As for ignored processor flags. I think zig is making an effort to make those sorts of intrinsics easily accessible as special case functions in the language, and hopefully they take on a strategy of making polyfilling easy for platforms that have partial support.

                    1. 3

                      I use floats for GPU based computer graphics. I’ve read “Beating Floating Point at its Own Game: Posit Arithmetic”, and posits sound amazing: better numerical properties and more throughput for a given amount of silicon. But I’ve not used them, and I will never use them unless they are adapted by GPU manufacturers. Which I guess won’t happen unless some new company disrupts the existing GPU ecosystem with superior new GPU tech based on posits. Something like Apple with the M1, but more analogous to Space-X with the Falcon and Starship. I don’t see any reason for the large entrenched incumbents to gamble on new float technology that is incompatible with existing graphics standards.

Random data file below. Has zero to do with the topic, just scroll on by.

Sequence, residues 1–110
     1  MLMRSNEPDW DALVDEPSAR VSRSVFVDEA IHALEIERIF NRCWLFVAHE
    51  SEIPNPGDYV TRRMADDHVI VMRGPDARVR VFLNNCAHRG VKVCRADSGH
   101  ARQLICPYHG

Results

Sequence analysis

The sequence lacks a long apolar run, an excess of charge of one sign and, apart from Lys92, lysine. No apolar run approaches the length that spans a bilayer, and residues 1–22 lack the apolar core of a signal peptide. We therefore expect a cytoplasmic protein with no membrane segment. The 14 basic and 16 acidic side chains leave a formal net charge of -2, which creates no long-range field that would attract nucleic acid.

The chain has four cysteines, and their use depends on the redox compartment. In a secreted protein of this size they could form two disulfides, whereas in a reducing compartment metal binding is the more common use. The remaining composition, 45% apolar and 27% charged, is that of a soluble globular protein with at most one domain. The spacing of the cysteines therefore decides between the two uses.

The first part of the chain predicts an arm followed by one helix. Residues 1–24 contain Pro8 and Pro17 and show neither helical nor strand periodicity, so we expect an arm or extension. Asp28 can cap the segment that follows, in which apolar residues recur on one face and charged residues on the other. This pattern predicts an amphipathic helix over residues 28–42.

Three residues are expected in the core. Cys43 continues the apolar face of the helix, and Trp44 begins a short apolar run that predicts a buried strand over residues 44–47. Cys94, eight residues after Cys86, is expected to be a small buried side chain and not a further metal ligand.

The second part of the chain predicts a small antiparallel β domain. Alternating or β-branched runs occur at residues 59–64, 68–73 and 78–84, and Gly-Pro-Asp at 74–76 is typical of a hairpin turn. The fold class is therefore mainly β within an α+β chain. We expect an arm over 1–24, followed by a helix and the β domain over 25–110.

1. 4

                        Yeap. Sorry it didn’t work out. We tried though (I even have some verilog models for posit circuits).

                    2. 3

                      Swift’s default integer arithmetic operators panic on overflow. (There are alternate ones that ignore overflow, for performance hot spots.)

                      1. 1

                        Or when you actually need that behaviour, such as in hashing functions. But you don’t want your customer ids to actually wrap around silently.

                    3. 3

                      Why do people use floats? Honest question. I don’t know any reason for using floats in any situation.

                      They’re used to represent real numbers. It’s easy and convenient to have types like float that natively represent real numbers. It’s also nice to have statically allocated, roughly word-sized representation (as opposed to arbitrary precision).

                      1. 2

                        Why? What makes them more suited than integers for representing real numbers?

                        1. 1

                          fractions, sqrt, etc fixed point arithmetic drops a huge range of precision at either the high or the low end, and is also slower for many operations.

                          1. 1

                            I don’t understand what you mean. Integers have uniform precision throughout b the scale. Choose the base unit as you see fit for the precision you want and that is what you get.

                            It always “drops the same range of precision”. if you need the precision of a float around zero, then set your base unit to that and there you have, it.s your maximum error. Unlike with floats.